Crisis Management: The Best PR Is No Help Sometimes: Crisis response
Since many know that I assist companies facing controversy to minimize it or avoid it, several people asked me, half-jokingly, “What would you do if Enron were your client?” I said, “Enron is like the Titanic. How do you raise a ship resting on the ocean floor? You can’t. It sank in thousands of feet of water. How do you haul it to the surface, patch the holes, pump out the water, and re-float it.” Enron management failures were so massive that no amount of crisis PR could undo the damage.
For a few days I did think that Enron’s auditor, Arthur Andersen LLP, might be able to save itself. But when: 1) Andersen said nothing for 5 days after Enron exploded, 2) a huge shredding operation surfaced, 3) a federal indictment followed, and 4) clients bailed – Andersen too appeared lost at sea. All in spite of the aid of former Fed chairman Paul Volcker and an ace Washington PR firm – two smart moves.
The saying holds, “If you do the crime you must do the time.” Don’t look for spin control to save you. Continuing my nautical metaphor, attempting reputation saving for a guilty party is like plugging a hole in a hull below the water line with a wad of news releases. You’ll still sink.
I write about this after reading a Wall Street Journal article criticizing Arthur Andersen’s failed PR attempts. Frankly, I can hardly imagine how the brightest public relations minds could keep Andersen afloat. As with Enron, Humpty Dumpty fell off the wall and, well, you know the rest.
This is NOT a comment about Enron or Andersen, but when I started crisis PR consulting I worried that disreputable businesses would ask me to help save them. Thankfully that has happened only twice.
In the first case, the prospective client was unwilling to do anything I suggested at an introductory meeting. We parted, and 6 months later the top official was indicted.
Several years after that, I learned that a client lied to me. I fired them in a nanosecond. It was surprisingly easy even though it cost me a lot in potential fees.
All other clients have been honorable folks who didn’t want to be misunderstood after stumbling – as we all do occasionally. They just want to do the right thing, make amends, communicate well, and move on. I have been delighted to find that clients tend to self-select when asking for assistance. I believe that truly guilty parties do not want outsiders – consultants like me – to know their secrets. That sure makes the job easier.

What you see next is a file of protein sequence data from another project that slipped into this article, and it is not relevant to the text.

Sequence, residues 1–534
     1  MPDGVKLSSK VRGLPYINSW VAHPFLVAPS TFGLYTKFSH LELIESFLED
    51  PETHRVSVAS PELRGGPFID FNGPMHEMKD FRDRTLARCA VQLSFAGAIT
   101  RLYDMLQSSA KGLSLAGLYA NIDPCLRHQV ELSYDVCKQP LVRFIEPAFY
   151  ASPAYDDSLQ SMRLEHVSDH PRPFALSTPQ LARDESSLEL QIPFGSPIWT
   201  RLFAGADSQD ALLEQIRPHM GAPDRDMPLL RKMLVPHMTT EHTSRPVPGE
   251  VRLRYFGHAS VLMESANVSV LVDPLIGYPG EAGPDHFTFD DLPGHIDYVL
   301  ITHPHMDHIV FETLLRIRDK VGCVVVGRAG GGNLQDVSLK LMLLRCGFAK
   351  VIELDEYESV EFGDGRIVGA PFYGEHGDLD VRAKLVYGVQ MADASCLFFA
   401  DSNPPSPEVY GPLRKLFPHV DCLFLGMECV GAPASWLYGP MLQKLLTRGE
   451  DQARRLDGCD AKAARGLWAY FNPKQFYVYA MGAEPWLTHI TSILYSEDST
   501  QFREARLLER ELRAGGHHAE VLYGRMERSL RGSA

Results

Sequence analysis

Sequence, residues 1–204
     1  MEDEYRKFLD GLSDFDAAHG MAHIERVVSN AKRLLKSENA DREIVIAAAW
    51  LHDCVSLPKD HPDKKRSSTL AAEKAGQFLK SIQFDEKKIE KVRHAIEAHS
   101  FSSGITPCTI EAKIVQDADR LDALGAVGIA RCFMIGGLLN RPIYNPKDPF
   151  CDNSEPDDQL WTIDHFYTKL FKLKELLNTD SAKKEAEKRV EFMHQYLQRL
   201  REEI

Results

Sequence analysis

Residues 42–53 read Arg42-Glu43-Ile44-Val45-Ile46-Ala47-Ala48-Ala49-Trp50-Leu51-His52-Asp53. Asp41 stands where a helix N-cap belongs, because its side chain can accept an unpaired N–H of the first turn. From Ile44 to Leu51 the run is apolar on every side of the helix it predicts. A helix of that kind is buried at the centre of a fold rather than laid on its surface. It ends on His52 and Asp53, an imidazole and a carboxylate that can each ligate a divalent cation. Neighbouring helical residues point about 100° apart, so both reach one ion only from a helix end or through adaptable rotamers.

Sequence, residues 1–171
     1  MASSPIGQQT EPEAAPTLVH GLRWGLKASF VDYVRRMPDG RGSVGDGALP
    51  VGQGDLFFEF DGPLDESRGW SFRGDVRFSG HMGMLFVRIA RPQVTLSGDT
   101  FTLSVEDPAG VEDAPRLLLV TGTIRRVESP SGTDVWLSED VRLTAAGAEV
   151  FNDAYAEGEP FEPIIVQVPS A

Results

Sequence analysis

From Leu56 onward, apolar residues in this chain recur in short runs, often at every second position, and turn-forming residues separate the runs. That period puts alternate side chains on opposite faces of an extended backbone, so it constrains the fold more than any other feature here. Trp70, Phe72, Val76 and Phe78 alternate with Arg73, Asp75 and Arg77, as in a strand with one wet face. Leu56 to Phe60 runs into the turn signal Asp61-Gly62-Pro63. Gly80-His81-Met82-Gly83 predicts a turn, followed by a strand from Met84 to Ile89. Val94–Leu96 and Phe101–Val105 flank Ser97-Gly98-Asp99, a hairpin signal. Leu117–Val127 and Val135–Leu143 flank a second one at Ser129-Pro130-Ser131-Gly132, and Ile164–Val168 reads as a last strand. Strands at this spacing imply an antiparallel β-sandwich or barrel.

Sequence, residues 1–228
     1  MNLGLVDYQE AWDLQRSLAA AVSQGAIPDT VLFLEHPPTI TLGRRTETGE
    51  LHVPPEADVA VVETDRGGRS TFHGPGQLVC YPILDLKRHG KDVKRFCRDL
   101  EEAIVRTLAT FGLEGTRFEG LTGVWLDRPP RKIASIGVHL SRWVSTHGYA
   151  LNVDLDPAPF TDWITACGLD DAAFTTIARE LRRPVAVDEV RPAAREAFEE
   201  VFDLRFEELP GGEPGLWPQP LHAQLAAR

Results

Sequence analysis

To my mind, the lesson for companies is this. Never let early mistakes spiral out of control. One of those 10 crisis management principles that I write about frequently (available on-line at http://www.amme.com/10_crisis_steps.htm) says, “Fix the problem! When did you learn about it, and what did you do about it?”
If you learn of a blunder within your company, jump on it immediately. Even if you do not believe it will ever become public, still correct it as fast as you can. 1) A fast fix can persuade insiders of your values, calm their concerns, and reassure them of your ability to manage difficulty. 2) Should the mistake break into the open, you will have a track record of rapid right action.
Two cases I worked with were classic examples. They were educational institutions where a coach had sexual relations with a student. Although neither incident was public at the time, senior officials acted quickly. They communicated with authorities, staff and parents. When these sorry situations became news, it was clear that management acted fast to protect students, and, by extension, the reputation of their institutions.
So, promise yourself that from this day forward you will do this the minute you learn of a potentially embarrassing problem. Fix it! At worst, if it becomes known, you may have ride rough waters, but you won’t sink, and you might even earn support because of your decisive, reassuring action, and survive with more respect than you had at the start.